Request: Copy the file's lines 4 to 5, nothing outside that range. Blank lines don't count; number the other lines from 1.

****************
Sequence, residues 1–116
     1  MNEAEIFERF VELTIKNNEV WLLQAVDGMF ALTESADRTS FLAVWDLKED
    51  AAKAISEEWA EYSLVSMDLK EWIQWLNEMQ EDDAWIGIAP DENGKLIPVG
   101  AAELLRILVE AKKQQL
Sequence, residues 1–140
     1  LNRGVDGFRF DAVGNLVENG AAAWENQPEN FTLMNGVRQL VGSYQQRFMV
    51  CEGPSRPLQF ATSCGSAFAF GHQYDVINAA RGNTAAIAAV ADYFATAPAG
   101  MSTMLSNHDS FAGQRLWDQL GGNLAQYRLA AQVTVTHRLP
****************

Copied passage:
   101  AAELLRILVE AKKQQL
Sequence, residues 1–140